I am now going to express myself as clearly as possible on the topic of Traditional and Nuevo Tango. I don’t expect us – or even some of us –  to agree, but whatever the outcome, nothing will change in our lives.

Tango has grown in the past 15 years in a way that has changed some people’s lives forever, it has touched people’s hearts and expression all over the globe. They have found something to practice, think of or just enjoy. We are blessed.  I don’t know exactly when it happened but somewhere in the last decade these tangonistas have had to faced with deciding between Traditional and Nuevo Tango.

As far as I can remember, when I started dancing in 1998 and knowing nothing about the dance except for the image I had in my mind of old folks embracing and walking to Tango music.  Of course I knew what Tango was, but the only reference I had was Carlos Gardel, the tango Mi Buenos Aires Querido, Astor Piazzolla, Hugo del Carril, Juan Carlos Copes  and Grandes Valores de Tango (a TV show where all the Tango singers used to perform but rarely Tango dance).  Some of the Dancers and Masters of today did work in that show as dancers on a Stage behind a huge orchestra.  Because of that image, I knew that elegance and precision were an important ingredient in this dance. I took my first class and never stopped.  Later that night I discovered Vals and Milonga.

Back then there weren’t as many Milongas or Tango Dinner Shows as there are now.  There weren’t as many teachers or schools.  The teaching process was not as developed as it is nowadays.  Every teacher had his own approach.  Tango shoes were ugly.  Not everyone had the vision  to see the effect Tango would have on the world.

By the time I started to discover this world, I met different mentors, I knew who Miguel and Osvaldo Zotto were, Roberto Herrera, Carlos Gavito, Carlos Copello, Graciela Gonzalez,  Mora Godoy, Milena Plebs, Ricky Barrios, Luis Solanas, Horacio Godoy, Fabian Salas and Gustavo Naveira. Everyone gave me a different exposure to this dance, this was my path, with some I took lessons, with others I became friends and with others they were just acquaintances.

If you search Wikipedia, it names Gustavo Naveira, Fabian Salas, and Pablo Veron as the fathers of the Tango Nuevo movement.

I think Tango Nuevo became a style in itself without pretending to be one.  Naveira clearly states he did not invent anything, everything was there, the exposure of the moves and the approach of the teaching became different. I agree 100% in one aspect of this statement, but I would like to expand this analysis as well.

Back in 1998 attending a Tango lesson with Gustavo was a mind-opening experience for everyone, not because of what he was teaching but for the way he broke down and analyzed the structure of the dance. Back then it blew everyone minds. The steps were exposed as elements, boleo as an element, gancho as well.  Breaking down the steps into Open and Crossed ones was such a discovery for me back then..

Meanwhile, in other parts of BA, like at Sunderland on Wednesdays, the approach was different, let’s walk and walk and walk.  Develop your axis, your body language, your elegance and more walking.

The Tango Nuevo approach opened its exponents to 1000s of possibilities in the dance because those elements were available, visually understandable, you understood what a sacada was and the 1000 possibilities to perform them. But it had a little cost. Those who did not start dancing with Gustavo or others in his line and were exposed to the more traditional way of seeing the dance, achieving some moves or combinations had to sacrifice their elegance, walk, the embrace. IN THE BEGINNING! Opening the embrace in order to perform a back sacada, are you nuts!  Many felt this way.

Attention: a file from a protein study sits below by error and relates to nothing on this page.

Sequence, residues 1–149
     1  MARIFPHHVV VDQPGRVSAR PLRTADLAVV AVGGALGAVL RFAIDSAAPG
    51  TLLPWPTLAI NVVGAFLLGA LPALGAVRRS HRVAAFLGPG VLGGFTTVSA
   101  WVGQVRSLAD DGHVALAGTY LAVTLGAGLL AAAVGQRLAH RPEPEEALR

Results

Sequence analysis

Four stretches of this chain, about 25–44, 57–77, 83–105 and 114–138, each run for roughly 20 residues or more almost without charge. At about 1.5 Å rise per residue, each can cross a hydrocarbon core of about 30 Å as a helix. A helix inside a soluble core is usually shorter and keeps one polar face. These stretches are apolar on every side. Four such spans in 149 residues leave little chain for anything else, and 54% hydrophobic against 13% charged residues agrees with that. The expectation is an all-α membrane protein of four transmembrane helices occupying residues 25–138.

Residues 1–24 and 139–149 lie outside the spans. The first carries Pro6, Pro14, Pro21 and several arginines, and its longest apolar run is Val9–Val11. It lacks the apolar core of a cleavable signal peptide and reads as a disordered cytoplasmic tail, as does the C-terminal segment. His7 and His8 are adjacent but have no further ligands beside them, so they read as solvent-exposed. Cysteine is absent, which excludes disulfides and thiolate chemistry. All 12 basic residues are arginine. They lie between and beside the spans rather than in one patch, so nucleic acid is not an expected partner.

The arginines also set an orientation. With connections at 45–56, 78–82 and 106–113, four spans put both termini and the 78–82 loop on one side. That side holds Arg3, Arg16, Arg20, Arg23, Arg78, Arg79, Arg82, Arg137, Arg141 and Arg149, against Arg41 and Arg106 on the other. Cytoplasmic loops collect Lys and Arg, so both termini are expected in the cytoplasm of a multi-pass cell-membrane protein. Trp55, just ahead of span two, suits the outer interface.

What I observed along the years is that people who start dancing Tango and are exposed to the Nuevo approach (seeing the dance as a combination of elements) is that the body language of the dance to be developed becomes a second or third goal in terms of what is important. The mistake is to say that is not Tango. Because with this approach, without training the body, a self and under the radar style flourishes and ends up becoming a common natural move. A move that is adopted by the mass, example Volcada.

The Volcada as we know it is not a new move at all, it was done by milongueros before it became hot in the US in 2005 for example. The problem with the Volcada, is that it became an isolated must-have move for those who started dancing Tango by this time in 2005.  Maybe they were not able to walk straight, but they knew how to do 75 volcadas on the dance floor. Many assumed that was Tango, because there was an immediate satisfaction provoked by this move. SAD!

What touches your expression Is always a question of sensibility.  My approach was always a more conservative, traditional one, but if I hadn’t opened my sensibility to be affected by other influences my dance would have died.

I walk the way I do, because I was exposed to that, my hard drive was filed with this information. This information is the sensibility that captured my expression and matched the image of what Tango meant to me and the way it should be danced, my own expression.

The traditional approach was different, you learned different combinations from different teachers.  Of course you had a knowledge about what a basic step was or an ocho, or turn.  Gustavo Naveira, Pablo Veron, even Chicho come from this root, the traditional root, you see it in their dance, there is a solid background of traditional Tango.